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Economic talks can help bridge cross-strait gulf, president says


2005-07-01 / Central News Agency /

President Chen Shui-bian (陳水扁) said yesterday that governments on both sides of the Taiwan Strait could consult more with each other over economic matters, a move that would increase mutual trust and create conditions for political reconciliation.

"Insisting on cross-strait rapprochement" was one of three "insistences" that he said were his government's top priorities. The other two were insisting on constitutional reform and insisting on fairness and justice.

Chen made the statements while speaking at the opening ceremony of an Executive Yuan training session attended by officials groomed for future promotions. One session was dedicated to training women.

He said there is little likelihood of a breakthrough in cross-strait political relations. However, improvements can be made in economic affairs such as direct flights of cargo airplanes, opening up Taiwan's tourism market to Chinese visitors, and fishery and agricultural cooperation, he added.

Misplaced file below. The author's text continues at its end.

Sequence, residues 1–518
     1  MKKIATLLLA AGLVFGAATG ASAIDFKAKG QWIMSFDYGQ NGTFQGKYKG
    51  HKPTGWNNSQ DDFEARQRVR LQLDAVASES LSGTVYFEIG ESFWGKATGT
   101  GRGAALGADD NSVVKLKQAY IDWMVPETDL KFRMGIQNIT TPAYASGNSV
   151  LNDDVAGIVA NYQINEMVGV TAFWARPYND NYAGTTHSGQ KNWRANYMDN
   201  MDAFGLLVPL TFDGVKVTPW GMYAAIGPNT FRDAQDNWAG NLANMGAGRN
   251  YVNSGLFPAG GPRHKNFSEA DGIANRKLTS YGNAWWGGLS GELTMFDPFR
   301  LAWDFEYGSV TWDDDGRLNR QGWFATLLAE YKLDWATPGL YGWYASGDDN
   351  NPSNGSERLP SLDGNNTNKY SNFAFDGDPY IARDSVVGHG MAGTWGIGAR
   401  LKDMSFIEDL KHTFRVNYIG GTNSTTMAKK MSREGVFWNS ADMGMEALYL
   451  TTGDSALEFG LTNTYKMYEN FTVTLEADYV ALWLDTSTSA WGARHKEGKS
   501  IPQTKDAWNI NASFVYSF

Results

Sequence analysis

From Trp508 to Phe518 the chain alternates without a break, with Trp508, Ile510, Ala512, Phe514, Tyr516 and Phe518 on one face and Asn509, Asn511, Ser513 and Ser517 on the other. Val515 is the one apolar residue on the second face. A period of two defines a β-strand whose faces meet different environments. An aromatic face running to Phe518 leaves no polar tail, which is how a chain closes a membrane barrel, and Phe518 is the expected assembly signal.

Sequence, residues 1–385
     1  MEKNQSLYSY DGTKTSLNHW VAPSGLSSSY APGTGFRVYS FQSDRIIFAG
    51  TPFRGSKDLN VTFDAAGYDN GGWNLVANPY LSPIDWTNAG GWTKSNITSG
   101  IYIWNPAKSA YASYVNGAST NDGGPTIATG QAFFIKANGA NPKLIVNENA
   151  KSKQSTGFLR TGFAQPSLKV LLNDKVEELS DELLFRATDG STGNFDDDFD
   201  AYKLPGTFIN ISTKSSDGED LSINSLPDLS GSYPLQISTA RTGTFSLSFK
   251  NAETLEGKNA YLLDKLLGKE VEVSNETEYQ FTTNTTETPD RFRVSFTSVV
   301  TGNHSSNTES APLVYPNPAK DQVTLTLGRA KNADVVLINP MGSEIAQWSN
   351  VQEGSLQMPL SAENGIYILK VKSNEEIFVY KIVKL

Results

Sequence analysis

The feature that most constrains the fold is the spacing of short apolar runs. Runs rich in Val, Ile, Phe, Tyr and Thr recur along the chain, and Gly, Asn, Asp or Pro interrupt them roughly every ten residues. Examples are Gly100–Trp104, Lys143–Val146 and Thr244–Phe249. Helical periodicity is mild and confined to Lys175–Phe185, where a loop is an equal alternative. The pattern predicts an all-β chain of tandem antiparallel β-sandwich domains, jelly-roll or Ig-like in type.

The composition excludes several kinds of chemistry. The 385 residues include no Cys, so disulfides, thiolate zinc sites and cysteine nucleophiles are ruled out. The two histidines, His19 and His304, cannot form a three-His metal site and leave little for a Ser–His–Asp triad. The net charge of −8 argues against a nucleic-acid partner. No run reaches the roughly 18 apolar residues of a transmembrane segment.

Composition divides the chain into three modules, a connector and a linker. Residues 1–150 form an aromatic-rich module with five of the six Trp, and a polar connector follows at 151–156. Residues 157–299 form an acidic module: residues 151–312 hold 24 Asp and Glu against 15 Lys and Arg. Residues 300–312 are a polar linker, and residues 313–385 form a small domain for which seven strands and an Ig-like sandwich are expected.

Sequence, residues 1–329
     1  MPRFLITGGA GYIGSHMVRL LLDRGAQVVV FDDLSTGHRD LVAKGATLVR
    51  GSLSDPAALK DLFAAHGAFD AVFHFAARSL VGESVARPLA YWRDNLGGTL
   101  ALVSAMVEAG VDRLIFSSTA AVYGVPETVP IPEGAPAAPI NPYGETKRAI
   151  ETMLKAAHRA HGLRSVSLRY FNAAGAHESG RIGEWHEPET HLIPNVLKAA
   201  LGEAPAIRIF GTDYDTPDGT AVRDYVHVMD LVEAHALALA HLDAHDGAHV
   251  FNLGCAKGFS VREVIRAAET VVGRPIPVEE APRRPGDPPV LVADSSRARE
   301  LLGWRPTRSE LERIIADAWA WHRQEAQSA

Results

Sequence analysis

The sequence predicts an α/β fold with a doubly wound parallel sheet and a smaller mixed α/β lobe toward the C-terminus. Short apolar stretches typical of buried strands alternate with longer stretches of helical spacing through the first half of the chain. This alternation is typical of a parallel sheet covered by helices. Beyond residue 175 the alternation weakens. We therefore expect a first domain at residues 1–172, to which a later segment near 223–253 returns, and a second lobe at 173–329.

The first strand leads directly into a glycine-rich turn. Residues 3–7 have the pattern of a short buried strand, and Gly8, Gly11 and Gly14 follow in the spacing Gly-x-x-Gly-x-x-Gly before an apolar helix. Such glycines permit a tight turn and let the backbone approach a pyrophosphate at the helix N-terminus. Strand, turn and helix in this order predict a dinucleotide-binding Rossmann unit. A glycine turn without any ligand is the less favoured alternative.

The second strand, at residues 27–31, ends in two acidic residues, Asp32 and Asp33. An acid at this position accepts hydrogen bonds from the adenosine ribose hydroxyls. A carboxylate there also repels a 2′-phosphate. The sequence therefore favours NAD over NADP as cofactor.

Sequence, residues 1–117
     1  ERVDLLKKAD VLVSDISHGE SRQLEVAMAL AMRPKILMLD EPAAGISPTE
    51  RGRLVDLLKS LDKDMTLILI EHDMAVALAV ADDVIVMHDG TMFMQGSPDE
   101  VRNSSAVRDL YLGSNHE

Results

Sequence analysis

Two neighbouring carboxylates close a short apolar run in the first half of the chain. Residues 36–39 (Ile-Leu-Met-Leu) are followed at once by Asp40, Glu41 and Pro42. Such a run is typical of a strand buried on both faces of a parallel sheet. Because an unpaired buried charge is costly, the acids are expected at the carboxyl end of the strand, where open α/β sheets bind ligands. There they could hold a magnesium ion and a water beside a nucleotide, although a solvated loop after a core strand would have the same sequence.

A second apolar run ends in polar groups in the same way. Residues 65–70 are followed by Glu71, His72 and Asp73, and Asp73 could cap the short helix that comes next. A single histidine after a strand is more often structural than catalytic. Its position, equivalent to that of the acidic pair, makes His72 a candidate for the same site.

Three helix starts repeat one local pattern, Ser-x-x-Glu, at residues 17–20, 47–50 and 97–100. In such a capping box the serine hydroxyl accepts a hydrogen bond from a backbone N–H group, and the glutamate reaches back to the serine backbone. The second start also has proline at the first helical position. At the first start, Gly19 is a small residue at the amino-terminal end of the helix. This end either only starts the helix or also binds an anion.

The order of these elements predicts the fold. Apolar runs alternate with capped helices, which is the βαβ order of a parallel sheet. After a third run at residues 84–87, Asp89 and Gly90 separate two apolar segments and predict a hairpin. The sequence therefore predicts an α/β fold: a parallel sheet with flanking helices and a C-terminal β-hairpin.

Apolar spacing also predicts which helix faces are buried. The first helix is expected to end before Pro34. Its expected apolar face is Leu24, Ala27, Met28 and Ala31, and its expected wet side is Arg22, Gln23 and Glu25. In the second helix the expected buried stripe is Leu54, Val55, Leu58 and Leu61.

If the governments on the two sides of the Strait can talk about expanding current exchanges and thereby accumulate mutual trust, it will create favorable conditions for eventual political reconciliation, he said.

The president pointed out that exchanges between people on both sides of the Strait have developed into "extremely close" ties that will be "highly valuable and significant" for the development of bilateral relations.

He hoped efforts will be made to resume cross-strait dialogue because, he said, only through dialogue can both side narrow their gap and lay a solid foundation for building mutual confidence.

While seeking dialogue and rapprochement with China, he stressed that the government will never change its "pragmatic and rational" policy of upholding Taiwan's national sovereignty and insisting on Taiwan's national identity.

Chen went on to say that since the first-phase of constitutional reform has been completed, the second phase will deal with such critical issues as adopting a three-branch or five-branch government, and choosing a presidential or cabinet system.

Elaborating on his idea of reform, he said the country should insist on rectifying all political, judicial, educational, financial, social and media abnormalities.

"This is what the people have been expecting, and this will enable our next generation to live in a 'fair and just new Taiwan' where social justice, economic justice, judicial justice, sexual justice and international justice will prevail," he said.